"Hi Mark, Thought I'd send an e-mail as a change from the tweets! I'm sure you know, but just want to let you know that you've an amazing amount of support back here, at work, friends, anyone I talk to I mention you and what you're doing, including Pedro (Peter Beardsley)!. I don't think people really believed what you were going to do...the blog brings it all home. I'm getting into work later everyday because the first thing I do in the morning is to go through your progress, it's now part of my daily routine. When I say to Linda, 'Mark's just done another 30 or so miles' we both shake our heads in disbelief at how you do it, but we both know you'll do it the next day and the next...  

It was a shame that the Journal reported your 'bad day' incorrectly. As you rightly put it, you're running 3,100 miles across America in 100 day''re entitled to a few off day's (although judging by the reports from Comedy John, you're in an off day mood every morning!). Knowing you, the article in the Journal will only drive you on and encourage you to 'put the record straight' as you always seem to be able to turn a negative into a positive (re Comedy John again...after breakfast!). 

I can't wait to get out there, to see you and lend any support I can. It's also nice that it will be your birthday...we'll both be in our 40's! Watch how you're going and from over here it looks like you're getting stronger all the are an inspiration to all who follow you.

See you soon. Steve"

Another email of support was received from Alan Millen who had previously travelled all the way from Switzerland to be at the start of the run in Huntington Beach! Alan together with Tim Readman (aka The Exiles) had previously recorded 2 songs for the 2 charities. They can be downloaded on iTunes. Meanwhile, this is what Alan wrote:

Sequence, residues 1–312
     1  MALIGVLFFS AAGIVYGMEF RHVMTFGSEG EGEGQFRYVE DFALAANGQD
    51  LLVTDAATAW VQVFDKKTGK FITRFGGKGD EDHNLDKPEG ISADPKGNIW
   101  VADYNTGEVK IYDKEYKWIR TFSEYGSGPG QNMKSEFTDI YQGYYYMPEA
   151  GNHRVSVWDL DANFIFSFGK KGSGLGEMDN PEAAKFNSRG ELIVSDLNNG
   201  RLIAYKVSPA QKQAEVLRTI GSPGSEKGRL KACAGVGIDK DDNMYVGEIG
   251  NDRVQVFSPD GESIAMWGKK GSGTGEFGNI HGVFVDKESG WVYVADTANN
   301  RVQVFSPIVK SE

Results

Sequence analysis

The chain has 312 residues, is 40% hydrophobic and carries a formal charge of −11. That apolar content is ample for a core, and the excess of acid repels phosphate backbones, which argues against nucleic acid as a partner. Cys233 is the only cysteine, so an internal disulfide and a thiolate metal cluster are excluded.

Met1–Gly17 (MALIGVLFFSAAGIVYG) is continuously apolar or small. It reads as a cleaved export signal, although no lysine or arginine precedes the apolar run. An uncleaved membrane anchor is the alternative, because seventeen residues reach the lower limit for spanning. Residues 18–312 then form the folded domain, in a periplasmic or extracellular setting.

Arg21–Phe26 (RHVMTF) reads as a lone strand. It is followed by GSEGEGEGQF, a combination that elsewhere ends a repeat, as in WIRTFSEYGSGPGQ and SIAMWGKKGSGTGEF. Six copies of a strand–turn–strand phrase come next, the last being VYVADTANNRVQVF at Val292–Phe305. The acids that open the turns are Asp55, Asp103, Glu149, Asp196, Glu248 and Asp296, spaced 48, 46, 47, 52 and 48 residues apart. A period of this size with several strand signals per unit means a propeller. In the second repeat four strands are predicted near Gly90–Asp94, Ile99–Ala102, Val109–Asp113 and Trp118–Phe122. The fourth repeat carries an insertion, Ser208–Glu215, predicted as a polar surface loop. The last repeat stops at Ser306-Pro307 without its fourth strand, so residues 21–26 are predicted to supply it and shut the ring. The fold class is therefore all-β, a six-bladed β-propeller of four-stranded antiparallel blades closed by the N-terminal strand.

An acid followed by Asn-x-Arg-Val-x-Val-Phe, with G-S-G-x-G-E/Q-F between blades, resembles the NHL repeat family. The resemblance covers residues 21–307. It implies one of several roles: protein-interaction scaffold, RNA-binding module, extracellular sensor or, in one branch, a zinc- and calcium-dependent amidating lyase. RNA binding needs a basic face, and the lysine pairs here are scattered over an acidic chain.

"Hi Mark Having just read your latest update, I want to congratulate on finding the true grit required to get through a couple of pretty tough days. The message in the letter you quoted from was spot on! 

My American expat friend in Switzerland has been truly moved by your updates about running across his home country and the accompanying photos. And am I ever impressed by the Peter Beardsley photo! Cheers Alan".

Day 26 of the run across the USA continued on Interstate 70 at 08:25 (Mountain Time) and 6235 ft above sea level. It was another one of those valleys where you think you've reached the exit only to be  confronted by yet another section. Such were the surroundings, I found it very difficult to work out whether I was running up or downhill. The only way to tell for sure was to occasionally look behind. It was then immediately obvious that I was running uphill. Comedy Jon had the same experience in the RV. We were both convinced that we were travelling downhill. The adjacent down flowing river suggested otherwise.

I later found out that this particular valley in Utah was called Salina Valley. It was yet another fantastic place to run. The surrounding snow capped mountains (part of the Wasatch Range), quick flowing streams and impressive elevation all  made for a beautiful backdrop.

There were a lot of trucks on the Interstate road. I suspected that there may be some kind of mine nearby. I think that it might have been coal.

Thankfully, the hard shoulder was very wide and, while I still maintained maximum concentration, they were always at a safe distance from me.

The first break of the day, after just 6 miles, was on the Interstate/Sufco Coal Mine Road slip road. I had a short tactical snooze before setting off again. I was feeling particularly sleepy and I suspected that there would be more sleeps to come.

The next few miles had the protected Fishlake National Forest situated either side and I continued to climb and climb!

I reached the summit for the day (Emigrant Pass at 7873 ft) after 15 miles. This, apparently, is the highest highest point of any of Utah's Interstate Highways.